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I have a .dmg sitting on an external drive (which also contains other data).

The .dmg is an image of a failed drive so I can't mount it but I want to attach the .dmg without mounting the partition it is in.

Is this possible?

I ask because, if I mount the partition, attach the .dmg and then try to run TestDisk, TestDisk returns this message:

Write access for this media is not available.
TestDisk won't be able to modify it.

- No partition from this disk must be mounted:
Open the Disk Utility (In Finder -> Application -> Utility folder)
and press Unmount button for each volume from this disk

I tried what I thought would work: hdiutil attach /dev/disk2s2/cfp/disk0s2-clone.dmg it didn't, attach failed - Not a Directory

I guess a different way of asking my question is, "How can I use TestDisk on a .dmg if I can't mount the partition that the .dmg is in?"

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    The error message might be misleading here. I assume you want to run TestDisk against the DMG, right? This is different from „how can I open a file from a drive without mounting the drive“ (which is what your question currently asks). Can you focus your question on what you actually want to accomplish?
    – nohillside
    Mar 1 '20 at 8:23
  • Thanks for answering @nohillside. You are correct: I'd like to run TestDisk against the .dmg but, from what I understand, the partition that the .dmg is in (or any partitions on that drive) cannot be mounted for TestDisk to be able to function.
    – tripleman
    Mar 1 '20 at 16:06
  • TestDisk complains about the DMG, not the partition it is stored on. If you can't select the unmounted DMG from within TestDisk I suspect the application is just not built for the task you want to do.
    – nohillside
    Mar 1 '20 at 16:14
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    The short answer is No. You cannot access any file on a given filesystem unless that filesystem is mounted! Mar 1 '20 at 16:15
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If you mount a drive one of the things which happens is that the file system type gets identified so macOS afterwards knows how to access the content of the drive (and find the DMG for instance). So operating systems can't access files on a drive without mounting it first.

Your actual problem seems to come from the fact that TestDisk is a tool to recover data from physical drives. So it could be used to work with the original disk your DMG represents, but it won't be able to recover data from a DMG.

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  • Thanks @nohillside. The first paragraph of your answer is, as far as I can tell, the crux of the issue and the actual answer—and I've marked it as such. But my knowledge in Terminal is limited and was hoping there was a way. For sure, TestDisk can be used to recover data from the original, failing drive. But, all the information I've gathered says that it's best to image a failing drive and attempt recovery on the image. First, because if you botch things, you can grab another image and try again, and second, it limits the strain on a failing drive.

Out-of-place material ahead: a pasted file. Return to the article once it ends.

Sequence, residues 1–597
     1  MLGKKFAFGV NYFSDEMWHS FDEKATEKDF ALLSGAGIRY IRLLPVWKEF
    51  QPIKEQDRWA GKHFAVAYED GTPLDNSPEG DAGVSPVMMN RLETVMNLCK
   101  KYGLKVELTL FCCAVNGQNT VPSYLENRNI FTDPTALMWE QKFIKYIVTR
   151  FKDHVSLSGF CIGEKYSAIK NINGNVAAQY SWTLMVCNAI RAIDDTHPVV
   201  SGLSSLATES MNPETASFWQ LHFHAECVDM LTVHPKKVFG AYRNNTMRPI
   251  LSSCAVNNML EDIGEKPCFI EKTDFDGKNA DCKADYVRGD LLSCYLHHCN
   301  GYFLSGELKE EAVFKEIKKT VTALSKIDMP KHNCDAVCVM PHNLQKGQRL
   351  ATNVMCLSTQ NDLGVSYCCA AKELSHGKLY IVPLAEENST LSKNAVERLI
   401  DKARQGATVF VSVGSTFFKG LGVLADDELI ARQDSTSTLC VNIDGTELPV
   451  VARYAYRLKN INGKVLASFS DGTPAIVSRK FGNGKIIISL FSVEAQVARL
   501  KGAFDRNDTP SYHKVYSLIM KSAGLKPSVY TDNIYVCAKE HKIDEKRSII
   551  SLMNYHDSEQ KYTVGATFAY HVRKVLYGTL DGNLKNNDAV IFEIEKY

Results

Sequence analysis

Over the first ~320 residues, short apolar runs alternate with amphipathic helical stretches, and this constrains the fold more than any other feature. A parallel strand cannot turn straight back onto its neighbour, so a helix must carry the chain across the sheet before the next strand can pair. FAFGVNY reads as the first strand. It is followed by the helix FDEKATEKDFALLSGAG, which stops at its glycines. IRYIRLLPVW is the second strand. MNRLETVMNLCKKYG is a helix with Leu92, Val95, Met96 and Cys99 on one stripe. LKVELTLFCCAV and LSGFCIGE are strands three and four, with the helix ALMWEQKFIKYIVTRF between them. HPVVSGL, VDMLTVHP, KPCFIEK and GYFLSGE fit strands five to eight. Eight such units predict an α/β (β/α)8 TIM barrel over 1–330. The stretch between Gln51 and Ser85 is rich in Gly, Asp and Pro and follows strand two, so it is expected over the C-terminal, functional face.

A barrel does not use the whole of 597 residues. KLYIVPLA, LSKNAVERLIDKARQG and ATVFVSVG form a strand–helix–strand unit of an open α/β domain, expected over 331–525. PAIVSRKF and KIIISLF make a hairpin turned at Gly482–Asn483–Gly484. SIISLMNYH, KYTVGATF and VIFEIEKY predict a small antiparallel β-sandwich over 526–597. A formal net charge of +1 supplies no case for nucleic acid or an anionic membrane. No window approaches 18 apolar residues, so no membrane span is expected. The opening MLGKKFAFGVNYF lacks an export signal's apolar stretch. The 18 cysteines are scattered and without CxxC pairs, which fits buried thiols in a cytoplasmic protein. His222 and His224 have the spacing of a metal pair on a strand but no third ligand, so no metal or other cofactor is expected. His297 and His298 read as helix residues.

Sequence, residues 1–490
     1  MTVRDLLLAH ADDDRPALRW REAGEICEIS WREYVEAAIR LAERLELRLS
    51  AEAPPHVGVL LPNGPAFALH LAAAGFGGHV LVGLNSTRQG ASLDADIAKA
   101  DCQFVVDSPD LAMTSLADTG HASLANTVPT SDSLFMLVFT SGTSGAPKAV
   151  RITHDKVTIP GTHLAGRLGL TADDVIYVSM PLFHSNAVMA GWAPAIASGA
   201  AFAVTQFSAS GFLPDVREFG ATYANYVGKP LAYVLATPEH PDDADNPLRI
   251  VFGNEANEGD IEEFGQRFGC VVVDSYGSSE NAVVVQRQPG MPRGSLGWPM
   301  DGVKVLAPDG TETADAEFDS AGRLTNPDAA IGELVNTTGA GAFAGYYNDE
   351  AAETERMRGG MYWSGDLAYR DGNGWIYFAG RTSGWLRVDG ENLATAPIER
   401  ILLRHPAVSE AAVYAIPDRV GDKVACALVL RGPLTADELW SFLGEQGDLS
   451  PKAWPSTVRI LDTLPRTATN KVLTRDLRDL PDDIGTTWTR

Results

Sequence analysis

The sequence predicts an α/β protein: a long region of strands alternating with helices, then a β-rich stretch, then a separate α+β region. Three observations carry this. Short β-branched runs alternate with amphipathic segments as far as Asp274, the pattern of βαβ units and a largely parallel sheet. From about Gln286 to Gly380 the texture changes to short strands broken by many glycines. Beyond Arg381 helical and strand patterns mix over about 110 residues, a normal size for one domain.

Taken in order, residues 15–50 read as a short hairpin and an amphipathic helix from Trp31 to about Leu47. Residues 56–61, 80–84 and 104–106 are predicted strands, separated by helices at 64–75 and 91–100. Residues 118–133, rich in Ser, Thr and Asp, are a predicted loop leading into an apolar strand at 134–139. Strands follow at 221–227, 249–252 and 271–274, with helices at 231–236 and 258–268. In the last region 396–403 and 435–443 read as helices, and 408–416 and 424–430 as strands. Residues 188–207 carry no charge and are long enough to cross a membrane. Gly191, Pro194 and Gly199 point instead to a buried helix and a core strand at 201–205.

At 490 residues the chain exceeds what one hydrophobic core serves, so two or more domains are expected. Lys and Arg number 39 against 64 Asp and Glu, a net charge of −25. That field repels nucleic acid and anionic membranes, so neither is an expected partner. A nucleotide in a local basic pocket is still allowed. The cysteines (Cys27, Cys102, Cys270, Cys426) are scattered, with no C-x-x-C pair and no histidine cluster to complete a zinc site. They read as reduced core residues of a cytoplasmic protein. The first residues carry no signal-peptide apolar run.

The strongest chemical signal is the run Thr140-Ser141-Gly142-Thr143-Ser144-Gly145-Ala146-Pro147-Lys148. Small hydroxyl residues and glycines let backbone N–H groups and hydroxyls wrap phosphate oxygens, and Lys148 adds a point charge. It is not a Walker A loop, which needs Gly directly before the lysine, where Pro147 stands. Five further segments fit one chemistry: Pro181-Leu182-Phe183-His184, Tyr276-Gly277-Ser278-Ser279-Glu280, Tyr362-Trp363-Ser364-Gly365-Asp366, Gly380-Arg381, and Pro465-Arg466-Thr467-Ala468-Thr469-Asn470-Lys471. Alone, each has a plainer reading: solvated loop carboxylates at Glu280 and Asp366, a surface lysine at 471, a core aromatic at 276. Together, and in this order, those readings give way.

– tripleman
    Mar 1 '20 at 21:00
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The reason testdisk fails is because it needs to write to the device, but your dmg is probably stored in read-only format, so it is not able to write to the virtual device that represents the dmg.

Because it's not smart enough to check if the device is a read-only media (like read-only dmg), it assumes that it cannot write to the disk because a partition is mounted. When a partition is mounted, it's locked/write protected so that you don't lose data.

To solve this, you can either "restore" the dmg to an actual physical drive then run testdisk on it, or you can mount this dmg as read-write using a shadow file. See man hdiutil for more details.

-shadow [shadowfile]
                     Use a shadow file in conjunction with the data in the pri-
                     mary image file.  This option prevents modification of the
                     original image and allows read-only images to be attached
                     read/write.  When blocks are being read from the image,
                     blocks present in the shadow file override blocks in the
                     base image.  All data written to an attached device will
                     be redirected to the shadow file.  If not specified,
                     shadowfile defaults to image.shadow. If the shadow file
                     does not exist, it is created.  hdiutil verbs taking
                     images as input accept -shadow, -cacert, and
                     -insecurehttp.

So your command would probably look something like: hdiutil attach -nomount -noverify /path/to/dmg -shadow (/path/to/shadow/file (optional))

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Running hdiutil attach -nomount -verbose ~/Downloads/test.dmg will attach the disk but not mount it. Here is the view from Disk Utility after running the command.

enter image description here

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  • Thanks for answering, @notkevin. That will attach the .dmg without mounting it but the important part—that the partition containing that .dmg must not be mounted. At least, that's how I interpret the warning that TestDisk shows when I try to analyse the .dmg.
    – tripleman
    Mar 1 '20 at 16:09

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